Unformatted text preview: he flue pipe. A
piece of plastic pipe about the size of the flue pipe
through the outside cover to a point near the burner
combustion air intake would be adequate. This ensures
adequate air for combustion in an airtight greenhouse.
Unvented heaters (no chimney) using propane gas or
kerosene are not recommended. Example. If a rigidframe or post and rafter
freestanding greenhouse 16 feet wide by 24 feet
long, 12 feet high at the ridge, with 6 feet sidewalls, is covered with singlelayer glass from the
ground to the ridge, what size gas heater would
be needed to maintain 60 °F on the coldest
winter night (0 °F)? Calculate the total outside
area (Figure 4):
two long sides
two ends
roof
gable ends A straighteave leanto greenhouse can fit
under the roof of a singlestory house. 6
' 2'
4 1. A is the total exposed (outside) area of the greenhouse sides, ends, and roof in square feet (ft2). On a
quonset, the sides and roof are one unit; measure the
length of the curved rafter (ground to ground) and
multiply by the length of the house. The curved end
area is 2 (ends) × 2/3 × height × width. Add the sum of
the first calculation with that of the second.
2. u is the heat loss factor that quantifies the rate at
which heat energy flows out of the greenhouse. For
example, a single cover of plastic or glass has a value of
1.2 Btu/h × ft2 × °F (heat loss in Btu’s per hour per
each square foot of area per degree in Fahrenheit); a
doublelayer cover has a value of 0.8 Btu/h × ft2 × °F.
A table of u values is provided in Extension Bulletin
351 Greenhouse Heating, Circulation, and Ventilation
Systems. The values allow for some air infiltration but
are based on the assumption that the greenhouse is fairly airtight.
3. (Ti – To) is the maximum temperature difference
between the lowest outside temperature (To) in your
region and the temperature to be maintained in the
greenhouse (Ti). For example, the maximum difference
will usually occur in the early morning with the occurrence of a 0 °F to –5 °F outside temperature while a
60 °F inside temperature is maintained. Plan for a temperature differential of 60 to 65 °F. The following equation summarizes this description: Q = A × u × (Ti – To). 2 × 6 ft × 24 ft = 288 ft2
2 × 6 ft × 16 ft = 192 ft2
2 × 10 ft × 24 ft = 480 ft2
2 × 6 ft × 8 ft = 96 ft2
A = 1,056 ft2 Select the proper heat loss factor, u = 1.2 Btu/h
× ft2 × ° F. The temperature differential is 60 °F
– 0 ºF = 60 °F.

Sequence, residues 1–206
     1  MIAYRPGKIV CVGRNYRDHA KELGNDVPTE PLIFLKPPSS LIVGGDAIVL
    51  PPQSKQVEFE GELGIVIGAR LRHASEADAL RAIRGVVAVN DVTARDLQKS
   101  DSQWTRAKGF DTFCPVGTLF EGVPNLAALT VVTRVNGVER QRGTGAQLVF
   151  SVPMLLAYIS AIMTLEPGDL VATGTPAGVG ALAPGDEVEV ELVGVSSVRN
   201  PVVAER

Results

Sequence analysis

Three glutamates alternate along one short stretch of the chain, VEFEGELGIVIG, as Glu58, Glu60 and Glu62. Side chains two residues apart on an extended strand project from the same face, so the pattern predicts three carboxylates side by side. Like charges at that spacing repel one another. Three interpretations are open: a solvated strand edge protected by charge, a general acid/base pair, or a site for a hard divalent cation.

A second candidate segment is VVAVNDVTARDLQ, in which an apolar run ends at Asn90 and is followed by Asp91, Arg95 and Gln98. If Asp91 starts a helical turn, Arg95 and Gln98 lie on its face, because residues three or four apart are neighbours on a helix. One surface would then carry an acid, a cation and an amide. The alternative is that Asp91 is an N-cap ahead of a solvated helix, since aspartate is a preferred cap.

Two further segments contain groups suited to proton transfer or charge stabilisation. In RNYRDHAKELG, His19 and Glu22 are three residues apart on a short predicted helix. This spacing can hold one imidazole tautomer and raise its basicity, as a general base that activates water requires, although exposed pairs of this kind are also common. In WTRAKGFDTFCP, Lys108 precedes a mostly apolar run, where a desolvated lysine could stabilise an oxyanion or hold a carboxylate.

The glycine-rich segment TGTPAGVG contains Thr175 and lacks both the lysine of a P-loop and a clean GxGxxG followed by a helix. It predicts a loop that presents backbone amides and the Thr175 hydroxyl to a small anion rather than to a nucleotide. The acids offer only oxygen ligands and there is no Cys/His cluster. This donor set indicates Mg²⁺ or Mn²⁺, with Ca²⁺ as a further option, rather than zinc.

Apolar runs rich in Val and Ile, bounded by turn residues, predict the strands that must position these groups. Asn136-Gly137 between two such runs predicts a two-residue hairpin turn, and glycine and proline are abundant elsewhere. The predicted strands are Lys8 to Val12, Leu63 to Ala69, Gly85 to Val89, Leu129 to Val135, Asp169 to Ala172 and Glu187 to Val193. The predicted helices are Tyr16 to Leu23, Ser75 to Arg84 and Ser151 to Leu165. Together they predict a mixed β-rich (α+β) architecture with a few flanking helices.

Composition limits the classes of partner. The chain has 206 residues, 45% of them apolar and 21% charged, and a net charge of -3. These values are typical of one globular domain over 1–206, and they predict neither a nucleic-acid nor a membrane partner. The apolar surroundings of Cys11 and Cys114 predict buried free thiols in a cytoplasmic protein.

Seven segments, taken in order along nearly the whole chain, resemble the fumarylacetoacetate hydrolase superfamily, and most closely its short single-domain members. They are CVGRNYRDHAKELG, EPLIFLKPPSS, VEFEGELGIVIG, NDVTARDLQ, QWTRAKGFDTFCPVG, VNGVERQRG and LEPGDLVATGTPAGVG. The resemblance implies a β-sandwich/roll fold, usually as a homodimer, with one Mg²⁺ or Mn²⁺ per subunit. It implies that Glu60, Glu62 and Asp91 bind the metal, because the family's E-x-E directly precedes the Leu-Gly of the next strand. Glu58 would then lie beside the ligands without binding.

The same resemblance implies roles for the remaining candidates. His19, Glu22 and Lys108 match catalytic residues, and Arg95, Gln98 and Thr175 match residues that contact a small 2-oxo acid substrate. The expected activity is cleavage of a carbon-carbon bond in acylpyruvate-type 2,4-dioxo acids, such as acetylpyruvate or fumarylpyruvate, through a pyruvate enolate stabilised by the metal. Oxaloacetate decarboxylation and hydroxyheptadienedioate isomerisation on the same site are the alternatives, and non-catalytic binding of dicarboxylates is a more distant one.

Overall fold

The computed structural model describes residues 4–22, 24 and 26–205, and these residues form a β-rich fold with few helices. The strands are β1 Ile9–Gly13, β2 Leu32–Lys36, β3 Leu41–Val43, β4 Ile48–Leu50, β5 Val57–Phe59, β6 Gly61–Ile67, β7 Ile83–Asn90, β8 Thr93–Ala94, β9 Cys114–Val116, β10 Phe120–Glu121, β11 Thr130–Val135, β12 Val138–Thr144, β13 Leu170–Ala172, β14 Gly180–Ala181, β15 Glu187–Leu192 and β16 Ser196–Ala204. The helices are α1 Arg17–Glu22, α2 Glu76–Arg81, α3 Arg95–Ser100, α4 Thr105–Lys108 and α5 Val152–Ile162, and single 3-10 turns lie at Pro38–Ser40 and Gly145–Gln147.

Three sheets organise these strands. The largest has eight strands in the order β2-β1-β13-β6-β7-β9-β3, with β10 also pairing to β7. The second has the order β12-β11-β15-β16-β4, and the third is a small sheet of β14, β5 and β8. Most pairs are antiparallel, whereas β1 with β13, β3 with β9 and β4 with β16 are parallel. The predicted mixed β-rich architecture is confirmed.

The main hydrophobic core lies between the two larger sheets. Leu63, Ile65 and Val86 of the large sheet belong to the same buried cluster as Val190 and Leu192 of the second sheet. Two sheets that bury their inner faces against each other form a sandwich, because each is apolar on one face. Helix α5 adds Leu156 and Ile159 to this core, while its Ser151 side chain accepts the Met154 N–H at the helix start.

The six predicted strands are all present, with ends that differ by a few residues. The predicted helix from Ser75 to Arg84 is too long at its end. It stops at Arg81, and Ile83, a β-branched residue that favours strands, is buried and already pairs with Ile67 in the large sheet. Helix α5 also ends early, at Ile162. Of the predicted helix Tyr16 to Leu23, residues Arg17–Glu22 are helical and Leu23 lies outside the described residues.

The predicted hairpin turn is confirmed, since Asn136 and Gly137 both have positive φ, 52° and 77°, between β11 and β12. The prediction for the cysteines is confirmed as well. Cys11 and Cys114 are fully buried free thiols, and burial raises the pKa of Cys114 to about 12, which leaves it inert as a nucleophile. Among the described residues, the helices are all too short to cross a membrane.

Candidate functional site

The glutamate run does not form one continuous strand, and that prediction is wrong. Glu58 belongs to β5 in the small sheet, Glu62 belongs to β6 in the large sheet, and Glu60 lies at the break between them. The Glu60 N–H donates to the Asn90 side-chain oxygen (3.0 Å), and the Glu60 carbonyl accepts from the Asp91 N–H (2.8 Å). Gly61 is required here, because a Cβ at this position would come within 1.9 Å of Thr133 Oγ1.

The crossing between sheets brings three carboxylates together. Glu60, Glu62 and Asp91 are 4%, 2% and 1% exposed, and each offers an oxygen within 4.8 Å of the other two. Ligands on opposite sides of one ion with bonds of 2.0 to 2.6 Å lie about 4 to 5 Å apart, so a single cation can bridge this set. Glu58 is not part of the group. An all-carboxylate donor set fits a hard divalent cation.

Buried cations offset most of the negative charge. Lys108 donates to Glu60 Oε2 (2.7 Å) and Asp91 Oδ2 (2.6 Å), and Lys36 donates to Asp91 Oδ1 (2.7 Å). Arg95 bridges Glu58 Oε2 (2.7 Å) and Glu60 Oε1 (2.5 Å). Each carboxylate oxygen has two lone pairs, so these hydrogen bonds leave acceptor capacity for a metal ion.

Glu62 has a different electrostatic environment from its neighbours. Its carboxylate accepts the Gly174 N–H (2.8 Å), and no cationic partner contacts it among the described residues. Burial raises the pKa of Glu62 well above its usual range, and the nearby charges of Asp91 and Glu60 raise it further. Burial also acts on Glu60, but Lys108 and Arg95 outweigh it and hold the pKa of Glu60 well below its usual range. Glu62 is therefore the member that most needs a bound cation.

Q = 1,056 × 1.2 × 60 = 76,032 Btu/h (furnace
output). An evenspan attached to a garage allows a larger greenhouse in a limited space. Freestanding greenhouses allow more location choices
and can be larger than attached greenhouses. Air Circulation
Installing circulating fans in your greenhouse is a
good investment. During the winter when the greenhouse is heated, you need to maintain air circulation so
that temperatures remain uniform throughout the
greenhouse. Without airmixing fans, the warm air rises
to the top and cool air settles around the plants on the
floor. Although this is a relatively small greenhouse, the
furnace output is equivalent to that in a small residence
such as a townhouse. The actual furnace rated capacity
takes into account the efficiency of the furnace and is
called the furnace input fuel rating. 6 A windowmounted unit extends a house’s growing space. Figure 2. Different types of greenhouses allow many options. 3 and a twostage thermostat are needed to control the
operation.
A twospeed motor on low speed delivers about 70
percent of its full capacity. If the two fans have the same
capacity rating, then the lowspeed fan supplies about
35 percent of the combined total. This rate of ventilation is reasonable for the winter. In spring, the fan operates on high speed. In summer, both fans operate on
high speed.
Refer to the earlier example of a small greenhouse. A
16foot wide by 24foot long house would need an estimated ft3 per minute (cubic feet per minute; CFM)
total capacity; that is, 16 × 24 × 12 ft3 per minute. For
use all year, select two fans to deliver 2,300 ft3 per
minute each, one fan to have two speeds so that the
lowspeed rating is about 1,600 ft3 per minute and the
high speed is 2,300 ft3 per minute. Adding the second
fan, the third ventilation rate is the sum of both fans on
high speed, or 4,600 ft3 per minute.
Some glass greenhouses are sold with a manual ridge
vent, even when a mechanical system is specified. The
manual system can be a backup system, but it does not
take the place of a motorized louver. Do not take shortcuts in developing an automatic control system. Small fans with a cubicfootperminute (ft3/min)
airmoving capacity equal to one quarter of the air volume of the greenhouse are sufficient. For small greenhouses (less than 60 feet long), place the fans in diagonally opposite corners but out from the ends and sides.
The goal is to develop a circular (oval) pattern of air
movement. Operate the fans continuously during the
winter. T...
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 Spring '08
 Drake,D
 Botany, Thermodynamics, Heat, Central heating

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